Art Theft: One Of The Most Fascinating and Famous Cases in History



Art theft is an complicated and ancient criminal activity. When you take a look at the some of the most well-known cases of art thefts in history, you see thoroughly planned operations that involve art dealers, art fakers, mobsters, ransoms, and millions of dollars. Here you can check out some of the most famous cases of art theft in the history.

The First Theft:
The first documented case of art theft was in 1473, when two panels of altarpiece of the Last Judgment by the Dutch painter Hans Memling were taken. While the triptych was being carried by ship from the Netherlands to Florence, the ship was assaulted by pirates who took it to the Gdansk cathedral in Poland. Nowadays, the piece is revealed at the National Museum in Gdansk where it was recently moved from the Basilica of the Assumption.

One Of The Most Famous Theft:
The most well-known story of art theft includes one of the most well-known paintings in the world and one of the most well-known artists in history as a suspect. In the night of August 21, 1911, the Mona Lisa was taken out of the Louver. Not long after, Pablo Picasso was jailed and questioned by the police, but was launched rapidly.

It took about 2 years until the mystery was resolved by the Parisian cops. It turned out that the 30 × 21 inch painting was taken by one of the museum workers by the name of Vincenzo Peruggia, who just brought it concealed under his coat. Nevertheless, Peruggia did not work alone. The criminal offense was thoroughly performed by a infamous bilker, Eduardo de Valfierno, who was sent by an art faker who planned to make copies and sell them as if they were the initial painting.

While Yves Chaudron, the art faker, was hectic creating copies for the popular work of art, Mona Lisa was still hidden at Peruggias home. After 2 years in which Peruggia did not speak with Chaudron, he tried to make the very best from his taken good. Eventually, Peruggia was caught by the authorities while trying to sell the painting to an art dealership from Florence, Italy. The Mona Lisa was gone back to the Louver in 1913.

The Most significant Theft in the USA:
The biggest art theft in United States occurred at the Isabella Stewart http://kurtcriter.brandyourself.com/Links Gardner Museum. On the night of March 18, 1990, a group of thieves using authorities uniforms broke into the museum and took thirteen paintings whose collective value was estimated at around 300 million dollars. The burglars took two paintings and one print by Rembrandt, and works of Vermeer, Manet, Degas, Govaert Flinck, along with a French and a Chinese artifact.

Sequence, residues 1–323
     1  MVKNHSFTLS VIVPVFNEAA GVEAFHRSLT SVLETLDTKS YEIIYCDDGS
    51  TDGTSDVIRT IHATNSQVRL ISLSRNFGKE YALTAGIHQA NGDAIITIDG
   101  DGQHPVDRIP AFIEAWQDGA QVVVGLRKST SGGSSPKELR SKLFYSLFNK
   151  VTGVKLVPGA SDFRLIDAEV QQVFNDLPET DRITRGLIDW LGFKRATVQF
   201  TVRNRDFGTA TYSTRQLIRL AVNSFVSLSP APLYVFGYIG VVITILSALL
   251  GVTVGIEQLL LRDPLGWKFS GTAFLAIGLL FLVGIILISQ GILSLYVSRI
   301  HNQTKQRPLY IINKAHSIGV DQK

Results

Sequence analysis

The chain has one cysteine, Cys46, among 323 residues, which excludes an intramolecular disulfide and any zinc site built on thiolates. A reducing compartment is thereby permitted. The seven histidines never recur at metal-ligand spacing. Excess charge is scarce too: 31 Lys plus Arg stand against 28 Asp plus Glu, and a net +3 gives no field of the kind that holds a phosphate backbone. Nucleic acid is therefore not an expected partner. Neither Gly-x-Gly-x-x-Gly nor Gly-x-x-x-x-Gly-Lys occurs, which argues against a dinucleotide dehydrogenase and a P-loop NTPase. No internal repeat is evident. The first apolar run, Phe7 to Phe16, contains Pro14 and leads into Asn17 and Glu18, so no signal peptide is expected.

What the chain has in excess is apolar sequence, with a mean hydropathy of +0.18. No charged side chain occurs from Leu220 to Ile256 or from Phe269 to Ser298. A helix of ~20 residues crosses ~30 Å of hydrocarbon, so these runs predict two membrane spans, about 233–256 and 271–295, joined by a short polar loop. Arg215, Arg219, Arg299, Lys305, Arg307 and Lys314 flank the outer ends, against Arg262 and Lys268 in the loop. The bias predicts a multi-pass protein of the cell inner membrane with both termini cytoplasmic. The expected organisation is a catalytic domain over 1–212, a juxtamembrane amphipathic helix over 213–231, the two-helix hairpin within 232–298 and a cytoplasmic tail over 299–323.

As of yet, none of the paintings have been discovered and the case is still unsolved. According to current rumors, the FBI are examining the possibility that the Boston Mob along with French art dealerships are connected to the criminal activity.

The Scream:
The painting by Edvard Munchs, The https://foursquare.com/v/kurt-criter/59ae10555161136b77113e4f Scream, is probably the most looked for after painting by art thieves in history. It has actually been stolen two times and was just just recently recuperated. In 1994, throughout the Winter Season Olympics in Lillehammer, Norway, The Scream was stolen from an Oslo gallery by 2 burglars who broke through an open window, set off the alarm and left a note saying: thanks for the bad security.

3 months later, the holders of the painting approached the Norwegian Federal government with an offer: 1 million dollars ransom for Edvard Munchs The Scream. The Government declined the offer, but the Norwegian cops teamed up with the British Authorities and the Getty Museum to arrange a sting operation that restored the painting to where it belongs.

10 years later on, The Scream was stolen once again from the Munch Museum. This time, the burglars used a gun and took another of Munchs painting with them. While Museum authorities awaiting the thieves to request ransom cash, reports declared that both paintings were burned to hide evidence. Eventually, the Norwegian authorities discovered the 2 paintings on August 31, 2006 however the realities on how they were recovered are unknowned yet.


When you look at the some of the most famous http://kurtcriter.brandyourself.com/Links cases of art thefts in history, you see thoroughly planned operations that involve art dealerships, art fakers, mobsters, ransoms, and millions of dollars. The most popular story of art theft includes one of the most popular paintings in the world and one of the most popular artists in history as a suspect. The criminal activity was thoroughly performed by a infamous con male, Eduardo de Valfierno, who was sent out by an art faker who intended to make copies and sell them as if they were the initial painting.

Ultimately, Peruggia was caught by the police while trying to offer the painting to an art dealership from Florence, Italy. The painting by Edvard Munchs, The Scream, is probably the most looked for after painting by art burglars in history.

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